Vitamin D concentration and lateral cerebral ventricle volume in older adults

Authors

  • Cédric Annweiler,

    Corresponding author
    1. Department of Medicine, Division of Geriatric Medicine, Parkwood Hospital, St. Joseph's Health Care London; Gait and Brain Lab, Lawson Health Research Institute, University of Western Ontario, London, Ontario, Canada
    2. Center for Functional and Metabolic Mapping, Robarts Research Institute, Department of Medical Biophysics, Schulich School of Medicine and Dentistry, University of Western Ontario, London, Ontario, Canada
    • Department of Neuroscience, Division of Geriatric Medicine, Angers University Hospital, University Memory Clinic of Angers, UPRES EA 4638, University of Angers, UNAM, Angers, France
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  • Manuel Montero-Odasso,

    1. Department of Medicine, Division of Geriatric Medicine, Parkwood Hospital, St. Joseph's Health Care London; Gait and Brain Lab, Lawson Health Research Institute, University of Western Ontario, London, Ontario, Canada
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  • Vladimir Hachinski,

    1. Department of Clinical Neurological Sciences, University Hospital, University of Western Ontario, London, Ontario, Canada
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  • Sudha Seshadri,

    1. Department of Neurology, Boston University School of Medicine; National Heart, Lung, and Blood Institute, Framingham, MA, USA
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  • Robert Bartha,

    1. Center for Functional and Metabolic Mapping, Robarts Research Institute, Department of Medical Biophysics, Schulich School of Medicine and Dentistry, University of Western Ontario, London, Ontario, Canada
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  • Olivier Beauchet

    1. Department of Neuroscience, Division of Geriatric Medicine, Angers University Hospital, University Memory Clinic of Angers, UPRES EA 4638, University of Angers, UNAM, Angers, France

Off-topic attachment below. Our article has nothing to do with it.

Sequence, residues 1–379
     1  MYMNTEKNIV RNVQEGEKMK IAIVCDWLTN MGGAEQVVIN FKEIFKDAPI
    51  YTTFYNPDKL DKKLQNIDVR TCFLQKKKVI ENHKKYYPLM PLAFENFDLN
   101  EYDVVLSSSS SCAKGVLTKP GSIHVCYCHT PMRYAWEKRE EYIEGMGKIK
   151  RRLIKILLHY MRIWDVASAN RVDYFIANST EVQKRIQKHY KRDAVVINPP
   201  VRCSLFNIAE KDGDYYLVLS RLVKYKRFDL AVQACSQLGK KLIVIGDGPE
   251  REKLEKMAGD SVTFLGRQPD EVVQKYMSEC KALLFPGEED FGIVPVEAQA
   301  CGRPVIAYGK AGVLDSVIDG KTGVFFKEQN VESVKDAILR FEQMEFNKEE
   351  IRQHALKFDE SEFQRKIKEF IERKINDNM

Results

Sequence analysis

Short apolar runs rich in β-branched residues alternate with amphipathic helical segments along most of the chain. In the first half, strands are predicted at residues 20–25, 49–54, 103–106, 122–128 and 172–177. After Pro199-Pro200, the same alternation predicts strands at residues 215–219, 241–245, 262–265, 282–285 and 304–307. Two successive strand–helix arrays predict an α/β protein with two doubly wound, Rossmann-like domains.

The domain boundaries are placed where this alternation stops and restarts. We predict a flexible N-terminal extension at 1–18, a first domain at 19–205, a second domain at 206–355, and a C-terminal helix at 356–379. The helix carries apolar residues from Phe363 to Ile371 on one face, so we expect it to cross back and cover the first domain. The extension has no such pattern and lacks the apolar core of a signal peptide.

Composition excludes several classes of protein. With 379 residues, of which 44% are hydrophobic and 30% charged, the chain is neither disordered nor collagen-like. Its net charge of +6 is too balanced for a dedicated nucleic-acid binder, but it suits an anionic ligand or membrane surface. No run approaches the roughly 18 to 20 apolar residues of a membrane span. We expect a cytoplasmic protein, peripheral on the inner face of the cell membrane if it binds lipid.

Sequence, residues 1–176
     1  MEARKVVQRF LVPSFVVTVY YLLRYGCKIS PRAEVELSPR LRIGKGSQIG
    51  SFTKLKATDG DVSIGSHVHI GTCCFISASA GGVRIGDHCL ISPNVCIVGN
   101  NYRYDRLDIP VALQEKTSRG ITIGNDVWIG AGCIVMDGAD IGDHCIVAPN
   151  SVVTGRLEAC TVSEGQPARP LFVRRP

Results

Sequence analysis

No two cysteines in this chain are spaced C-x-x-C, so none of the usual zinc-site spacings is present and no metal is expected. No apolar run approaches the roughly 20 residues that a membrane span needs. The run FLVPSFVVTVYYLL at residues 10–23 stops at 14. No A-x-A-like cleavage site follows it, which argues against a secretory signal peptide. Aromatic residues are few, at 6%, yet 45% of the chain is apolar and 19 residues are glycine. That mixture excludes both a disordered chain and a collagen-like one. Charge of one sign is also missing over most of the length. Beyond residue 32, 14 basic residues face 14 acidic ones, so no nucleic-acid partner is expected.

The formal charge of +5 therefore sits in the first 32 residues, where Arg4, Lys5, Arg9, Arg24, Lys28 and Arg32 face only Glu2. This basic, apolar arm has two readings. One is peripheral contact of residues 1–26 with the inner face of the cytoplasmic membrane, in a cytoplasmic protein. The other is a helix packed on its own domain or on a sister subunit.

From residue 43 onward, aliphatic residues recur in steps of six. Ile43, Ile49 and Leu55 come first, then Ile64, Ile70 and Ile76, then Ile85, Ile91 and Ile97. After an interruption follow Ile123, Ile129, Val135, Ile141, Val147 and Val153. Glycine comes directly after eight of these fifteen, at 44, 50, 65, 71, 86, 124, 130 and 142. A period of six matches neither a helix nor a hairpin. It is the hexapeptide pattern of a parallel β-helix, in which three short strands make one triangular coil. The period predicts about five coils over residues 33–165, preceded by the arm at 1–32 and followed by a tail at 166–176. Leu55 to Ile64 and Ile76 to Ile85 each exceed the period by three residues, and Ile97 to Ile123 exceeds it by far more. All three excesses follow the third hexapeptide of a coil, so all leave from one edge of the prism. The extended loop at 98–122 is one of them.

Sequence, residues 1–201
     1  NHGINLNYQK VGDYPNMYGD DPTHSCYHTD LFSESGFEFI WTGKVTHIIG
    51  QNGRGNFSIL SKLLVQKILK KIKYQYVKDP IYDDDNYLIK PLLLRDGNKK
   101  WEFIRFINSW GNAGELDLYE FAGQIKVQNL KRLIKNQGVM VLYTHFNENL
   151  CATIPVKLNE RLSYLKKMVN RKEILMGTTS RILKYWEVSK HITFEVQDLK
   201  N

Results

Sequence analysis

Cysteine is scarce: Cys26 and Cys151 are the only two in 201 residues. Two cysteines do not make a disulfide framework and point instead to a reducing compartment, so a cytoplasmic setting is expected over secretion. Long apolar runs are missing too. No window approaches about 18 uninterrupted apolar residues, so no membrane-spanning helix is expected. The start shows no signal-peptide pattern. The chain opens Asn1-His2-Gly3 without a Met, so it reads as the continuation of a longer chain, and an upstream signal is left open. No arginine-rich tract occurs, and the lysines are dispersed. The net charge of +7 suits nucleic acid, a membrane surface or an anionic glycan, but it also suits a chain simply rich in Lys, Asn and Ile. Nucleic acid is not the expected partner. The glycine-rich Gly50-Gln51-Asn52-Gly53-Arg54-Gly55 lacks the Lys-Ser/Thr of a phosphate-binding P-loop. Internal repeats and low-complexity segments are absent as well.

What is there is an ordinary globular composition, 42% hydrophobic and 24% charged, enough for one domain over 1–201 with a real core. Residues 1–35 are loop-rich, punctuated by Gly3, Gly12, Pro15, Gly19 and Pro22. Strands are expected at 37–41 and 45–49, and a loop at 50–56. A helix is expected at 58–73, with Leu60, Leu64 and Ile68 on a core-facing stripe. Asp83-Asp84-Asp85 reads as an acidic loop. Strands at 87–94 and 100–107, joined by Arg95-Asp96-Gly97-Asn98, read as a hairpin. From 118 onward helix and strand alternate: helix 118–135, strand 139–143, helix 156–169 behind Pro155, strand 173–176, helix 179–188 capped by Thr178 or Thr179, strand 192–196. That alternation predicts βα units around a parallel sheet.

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Correspondence: Dr. Cédric Annweiler, Department of Neuroscience, Division of Geriatric Medicine, Angers University Hospital, 49933 Angers Cedex 9, France

E-mail: CeAnnweiler@chu-angers.fr

Fax: +33-2-41-35-48-94

Abstract

Scope

Vitamin D deficiency is associated with an enlargement of the lateral cerebral ventricles in rodents. The effect of low serum 25-hydroxyvitamin D (25OHD) on lateral cerebral ventricle volume has not been studied yet in humans. The purpose of this cross-sectional study was to determine whether vitamin D deficiency was associated with greater lateral cerebral ventricle volume in older adults.

Methods and results

Ninety-two Caucasian community-dwellers with no clinical hydrocephalus (mean, 72.2 ± 6.2 years; 46.7% female) were divided into two groups according to serum 25OHD concentration (deficiency ≤ 50 nmol/L; normal > 50 nmol/L). Cerebral ventricular volume was quantified using semi-automated software from three-dimensional T1-weighted MRI. Age, gender, body mass index, blood pressure, education level, Mini-Mental State Examination, white matter lesions, and serum calcium concentrations were used as covariates. There was an inverse linear association between 25OHD concentration and ventricular volume (p = 0.049). Compared to individuals with normal 25OHD, those with 25OHD deficiency (n = 33) had 28% larger lateral ventricles (46.9 ± 26.8 mL versus 36.6 ± 16.4 mL, p = 0.026). Vitamin D deficiency was associated with an increase in ventricular volume (adjustedβ = 16.55, p = 0.023). The ventricular enlargement involved ventricle bodies (p = 0.025) but not temporal horns (p = 0.112).

Conclusion

Serum 25OHD deficiency was associated with larger lateral cerebral ventricles. These findings provide a scientific base for vitamin D replacement trials.

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